Now in its fourth year, The Weekly Times 2020 Shine Awards has certainly delivered a bright ending to an undeniably dark year.
Shine is a collaboration between News Corp Australia and retailer Harvey Norman that celebrates the achievements and contributions of women across rural and regional Australia.
What started as a quest to discover hidden female talent in the nation’s rural communities has evolved into a well-loved national initiative that showcases the determination and innovative energy of the women of rural Australia.
Shining the spotlight on everyday heroes
This year’s 12-week Shine campaign launched on August 28. It culminated in November with six winners and an overall winner announced in the 32-page Shine magazine, inserted in The Weekly Times on November 18 and in The Australian on November 20.
The 2020 overall and Courage winner is Carmel Beresford, a Queensland cattle farmer, retired principal, and mother who lost her son in an on-farm accident nine years ago.
Struggling to deal with the grief, Carmel wrote the story of Sam’s life and death, publishing a book last year. She hoped book sales would bring in a small income for the family while they struggled through drought.
Publishing the book has done much more than that. It has touched the hearts of readers across the nation, raised awareness about the crucial role of farm safety on rural and remote properties, and given people a greater understanding of the hardships farming families go through to get food on Australian tables.
On winning the Shine Awards, Carmel said: “The results have shown who I am: a woman in the bush trying to navigate the harsh and delightful realities of living here. I was always a very proud principal of Eulo State School, I was proud to be Sam’s mum, proud of my ‘adopted’ rural background … I was humbled by this win, but I am also very proud to be the Shine Award winner for 2020.”
Putting rural women centerstage
Born out of a conversation between Herald and Weekly Times Chairman Penny Fowler and Harvey Norman Chief Executive Officer Katie Page, the Shine Awards showcase the powerhouse that is Australia’s rural women and also reflect the most important issues and challenges rural communities face.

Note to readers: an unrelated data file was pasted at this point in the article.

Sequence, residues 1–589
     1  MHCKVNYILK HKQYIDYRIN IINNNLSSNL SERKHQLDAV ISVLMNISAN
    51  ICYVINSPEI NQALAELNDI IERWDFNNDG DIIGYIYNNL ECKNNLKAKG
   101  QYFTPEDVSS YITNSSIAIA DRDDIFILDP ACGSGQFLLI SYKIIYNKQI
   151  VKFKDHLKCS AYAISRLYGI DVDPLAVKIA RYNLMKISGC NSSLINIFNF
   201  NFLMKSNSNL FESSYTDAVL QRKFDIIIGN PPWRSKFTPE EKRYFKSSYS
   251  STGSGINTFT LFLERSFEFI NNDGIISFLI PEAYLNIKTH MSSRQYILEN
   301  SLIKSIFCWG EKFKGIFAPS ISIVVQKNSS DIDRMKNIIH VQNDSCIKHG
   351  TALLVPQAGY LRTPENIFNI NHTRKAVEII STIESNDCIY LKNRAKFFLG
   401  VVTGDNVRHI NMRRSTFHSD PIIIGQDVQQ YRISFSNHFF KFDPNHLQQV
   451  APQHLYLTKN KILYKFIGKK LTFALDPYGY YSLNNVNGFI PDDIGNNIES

“Against the devastating backdrop of drought and bushfires, then travel restrictions and lockdowns, the women of the 2020 Shine Awards set the example in how to prevail,” Page explained.
“Each of the finalists and winners demonstrates what can be achieved through invention, courage, and hard work. We have a responsibility to understand the depth of contribution made by those living and working in rural and regional Australia.”
Shine honours women in six categories: Belief, Courage, Dedication, Grace, Passion, and Spirit.
Innovative occupational therapist Simone Dudley, from Deniliquin in the NSW Riverina, is the 2020 Belief winner. Simone is co-founder of a telehealth business, Therapy Connect, as well as a cattle producer.
Well before the days of Zoom, Simone saw the potential that Internet connectivity offered to professionals and families in the bush.
Now that digital infrastructure has caught up with her vision, she delivers essential allied health services from speech therapy to psychology support through videoconferencing to rural families who have children with developmental disabilities.
Indigenous dialysis nurse Lauwana Blackley of Palm Island is the 2020 Dedication winner; Nymboida market gardener and bushfire recovery volunteer Georgia Foster Eyles is the 2020 Grace winner; Two Young Nomads farm caretaker Meg Clothier is the 2020 Spirit winner, and Plate Up Ballarat founder Kate Davis is the 2020 Passion winner.
Awards gain traction in short time
Back in 2017, the first Shine Awards honoured finalists from four states and winners from Victoria and NSW.
“This year, the number of women nominated doubled. We heard from hundreds of women from every state and territory, whose courage, generosity, and ingenuity hold their communities together,” Fowler said.
The 2020 Shine Awards were the most successful campaign yet, receiving a record 297 nominations. Finalists were from the Norther Territory, Western Australia, South Australia, New South Wales, Queensland, and Victoria, with winners hailing from four states.
COVID-19 travel restrictions and border closures have meant the annual Shine Awards winners’ lunch was postponed to next year, and the judging process was conducted via videoconference instead of in person.
However, the pandemic may have contributed to the spike in reader engagement, with people seeking out positive digital content and sharing stories of inspiring rural women who have helped their communities through the past 12 months of hardship.
Through the combined effort of The Weekly Times, News Corp’s wide network of mastheads and digital news services, and Harvey Norman, Shine has established a forum in which Australians can recognise unsung rural heroes who are making a real difference in their communities.